Those who have been tracking chip manufacturer NVIDIA (NASDAQ:NVDA) -- well known for its graphics chips that have helped video games achieve increasing levels of cinematic versions of virtual reality -- delivered quite a pleasant surprise last week when the company reported its quarterly numbers.

First-quarter net income at NVIDIA tripled to $64.4 million, or $0.36 per diluted share, since this time last year. Revenues increased 24% to $583.8 million on a year-over-year basis. Analysts expected earnings of a mere $0.28 per share for the quarter.

Despite the blowout quarter, the company did predict that the second quarter would come in flat to slightly up. Long-term investors won't sweat out that sort of thing, though. It seems pretty obvious that for the time being, NVIDIA is well positioned to take advantage of some of the biggest digital growth areas around.

According to the company's conference call, among the few downsides was a decline in handheld revenues; the company relied on Motorola (NYSE:MOT) as a customer for its 3G phones, which didn't perform as expected. NVIDIA believes that that situation will be rectified in the second half of the year.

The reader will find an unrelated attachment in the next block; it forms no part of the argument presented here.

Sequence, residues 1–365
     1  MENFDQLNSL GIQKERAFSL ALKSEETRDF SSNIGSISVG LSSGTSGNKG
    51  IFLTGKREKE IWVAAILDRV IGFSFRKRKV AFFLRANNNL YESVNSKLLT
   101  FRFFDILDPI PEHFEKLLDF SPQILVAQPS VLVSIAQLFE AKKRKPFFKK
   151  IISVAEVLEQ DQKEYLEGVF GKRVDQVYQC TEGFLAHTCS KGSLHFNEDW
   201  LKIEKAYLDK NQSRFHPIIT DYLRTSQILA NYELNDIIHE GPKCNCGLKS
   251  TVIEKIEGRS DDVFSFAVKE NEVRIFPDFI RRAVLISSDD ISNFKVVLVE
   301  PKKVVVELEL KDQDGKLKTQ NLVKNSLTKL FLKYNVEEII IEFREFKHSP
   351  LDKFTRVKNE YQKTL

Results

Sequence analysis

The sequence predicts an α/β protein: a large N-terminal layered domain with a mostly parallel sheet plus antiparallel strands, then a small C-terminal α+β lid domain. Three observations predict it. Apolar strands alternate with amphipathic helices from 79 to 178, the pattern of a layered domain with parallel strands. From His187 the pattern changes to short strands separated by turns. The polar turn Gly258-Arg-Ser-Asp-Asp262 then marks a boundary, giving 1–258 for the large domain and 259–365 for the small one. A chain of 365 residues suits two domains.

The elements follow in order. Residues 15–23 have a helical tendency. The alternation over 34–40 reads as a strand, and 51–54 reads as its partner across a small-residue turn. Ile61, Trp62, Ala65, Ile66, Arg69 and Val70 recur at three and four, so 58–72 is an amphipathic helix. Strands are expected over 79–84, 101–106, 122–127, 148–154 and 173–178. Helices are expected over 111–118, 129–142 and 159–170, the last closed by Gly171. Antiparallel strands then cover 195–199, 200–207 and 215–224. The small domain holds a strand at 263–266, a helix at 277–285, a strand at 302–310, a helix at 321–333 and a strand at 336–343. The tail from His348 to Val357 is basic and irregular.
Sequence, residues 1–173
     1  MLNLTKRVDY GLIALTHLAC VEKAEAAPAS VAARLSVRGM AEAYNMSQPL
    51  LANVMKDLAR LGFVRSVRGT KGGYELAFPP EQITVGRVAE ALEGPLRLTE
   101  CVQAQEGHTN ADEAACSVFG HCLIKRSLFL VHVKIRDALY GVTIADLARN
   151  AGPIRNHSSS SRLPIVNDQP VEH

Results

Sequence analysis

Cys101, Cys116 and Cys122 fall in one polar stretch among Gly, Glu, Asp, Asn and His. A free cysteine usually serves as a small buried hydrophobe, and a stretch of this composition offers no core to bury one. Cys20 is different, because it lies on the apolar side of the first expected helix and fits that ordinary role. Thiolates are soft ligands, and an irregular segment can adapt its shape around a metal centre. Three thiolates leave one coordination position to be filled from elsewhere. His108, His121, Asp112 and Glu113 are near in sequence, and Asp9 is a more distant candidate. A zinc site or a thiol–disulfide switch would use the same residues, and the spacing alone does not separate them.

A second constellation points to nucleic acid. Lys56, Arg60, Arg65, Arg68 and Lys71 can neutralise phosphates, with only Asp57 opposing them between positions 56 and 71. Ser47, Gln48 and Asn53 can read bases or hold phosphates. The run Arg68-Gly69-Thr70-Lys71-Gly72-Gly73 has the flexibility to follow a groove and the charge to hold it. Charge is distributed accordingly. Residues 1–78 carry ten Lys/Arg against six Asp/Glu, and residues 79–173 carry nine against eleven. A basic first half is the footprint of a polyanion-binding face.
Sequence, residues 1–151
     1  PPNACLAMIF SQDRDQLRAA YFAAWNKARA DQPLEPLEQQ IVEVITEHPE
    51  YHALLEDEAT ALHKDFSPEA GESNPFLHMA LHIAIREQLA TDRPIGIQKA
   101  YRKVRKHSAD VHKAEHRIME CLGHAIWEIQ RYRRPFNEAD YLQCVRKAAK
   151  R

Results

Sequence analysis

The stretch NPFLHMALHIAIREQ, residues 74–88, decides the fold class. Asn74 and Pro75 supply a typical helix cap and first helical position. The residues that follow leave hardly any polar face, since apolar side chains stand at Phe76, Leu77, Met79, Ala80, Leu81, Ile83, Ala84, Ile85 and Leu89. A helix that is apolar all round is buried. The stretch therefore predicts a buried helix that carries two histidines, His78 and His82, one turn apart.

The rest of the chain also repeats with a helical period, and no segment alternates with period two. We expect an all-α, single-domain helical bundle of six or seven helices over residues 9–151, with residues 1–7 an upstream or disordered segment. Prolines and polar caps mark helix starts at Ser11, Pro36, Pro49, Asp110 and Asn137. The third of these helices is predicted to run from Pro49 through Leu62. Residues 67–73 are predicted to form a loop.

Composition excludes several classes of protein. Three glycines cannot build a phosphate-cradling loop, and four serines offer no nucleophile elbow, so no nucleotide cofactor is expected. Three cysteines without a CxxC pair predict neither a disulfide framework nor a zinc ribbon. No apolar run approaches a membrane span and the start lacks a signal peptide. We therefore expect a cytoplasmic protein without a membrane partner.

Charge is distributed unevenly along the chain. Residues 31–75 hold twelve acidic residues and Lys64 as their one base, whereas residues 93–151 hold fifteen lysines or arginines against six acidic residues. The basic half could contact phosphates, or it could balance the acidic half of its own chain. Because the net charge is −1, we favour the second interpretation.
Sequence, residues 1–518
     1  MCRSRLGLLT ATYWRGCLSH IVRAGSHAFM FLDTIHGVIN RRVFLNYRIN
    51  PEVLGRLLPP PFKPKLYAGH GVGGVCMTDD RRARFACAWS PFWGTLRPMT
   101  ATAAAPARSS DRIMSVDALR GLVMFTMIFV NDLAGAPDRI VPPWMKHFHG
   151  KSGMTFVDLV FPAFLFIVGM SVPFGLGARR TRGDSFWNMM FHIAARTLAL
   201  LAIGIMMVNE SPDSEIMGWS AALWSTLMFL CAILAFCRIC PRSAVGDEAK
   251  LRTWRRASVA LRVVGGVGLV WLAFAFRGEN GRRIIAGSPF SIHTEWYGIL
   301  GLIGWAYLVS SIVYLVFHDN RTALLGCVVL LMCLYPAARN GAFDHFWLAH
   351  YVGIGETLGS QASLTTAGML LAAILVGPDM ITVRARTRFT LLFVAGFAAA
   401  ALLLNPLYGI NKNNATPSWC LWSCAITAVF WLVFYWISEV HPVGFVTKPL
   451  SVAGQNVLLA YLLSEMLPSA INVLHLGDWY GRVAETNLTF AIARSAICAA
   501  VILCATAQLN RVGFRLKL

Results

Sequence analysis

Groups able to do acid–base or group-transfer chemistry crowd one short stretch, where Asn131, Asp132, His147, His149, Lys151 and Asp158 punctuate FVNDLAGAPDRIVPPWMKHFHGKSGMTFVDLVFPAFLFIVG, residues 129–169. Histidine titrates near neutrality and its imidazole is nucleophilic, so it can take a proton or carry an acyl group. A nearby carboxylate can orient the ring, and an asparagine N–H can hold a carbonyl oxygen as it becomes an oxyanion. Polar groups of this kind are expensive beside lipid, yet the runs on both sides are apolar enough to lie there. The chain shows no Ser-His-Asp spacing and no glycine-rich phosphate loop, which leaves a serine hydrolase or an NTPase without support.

Some of the things driving NVIDIA's current growth trajectory are high-profile deals with the likes of Sony (NYSE:SNE); the next-generation PlayStation 3 will use NVIDIA chips.

Despite the fact that its deal providing chips for Microsoft's (NASDAQ:MSFT) Xbox is being phased out, NVIDIA says other areas such as the Sony deal should offset the loss. Meanwhile, the company has high hopes for broadband video- and MP3-friendly cell phones, both areas that many people see as important future movements, and plans to take advantage of the coming trend in high-definition (HD) TV applications.

(In fact, for those who are watching with interest the theory that some have put forth -- that phones will soon overtake standalone MP3 players like Apple's (NASDAQ:AAPL) iPod -- NVIDIA said in its conference call that it believes music phones will outnumber MP3 players by a factor of four. That prognostication gives investors a speculative view of the market for such phones and the processors that power them.)

Of course, NVIDIA still has to stave off competition from formidable challengers; its main rival is ATI Technologies (NASDAQ:ATYT) but names like Intel (NASDAQ:INTC) also want in on some of the action.

NVIDIA recently proved itself to be vindicated after a period of awkwardness, and that momentum continues. Factoring in the stock's appreciation last week, it's trading at a forward P/E of 21. Although it's not the bargain that it might have been before its earnings were announced, it still sounds rather inexpensive for company that appears to be proving itself very involved in the digital future. It stands to reason that investors might want to take some time to research and consider this stock.

Talk to Foolish fans of this stock on our NVIDIA discussion board.

Alyce Lomax does not own shares of any of the companies mentioned.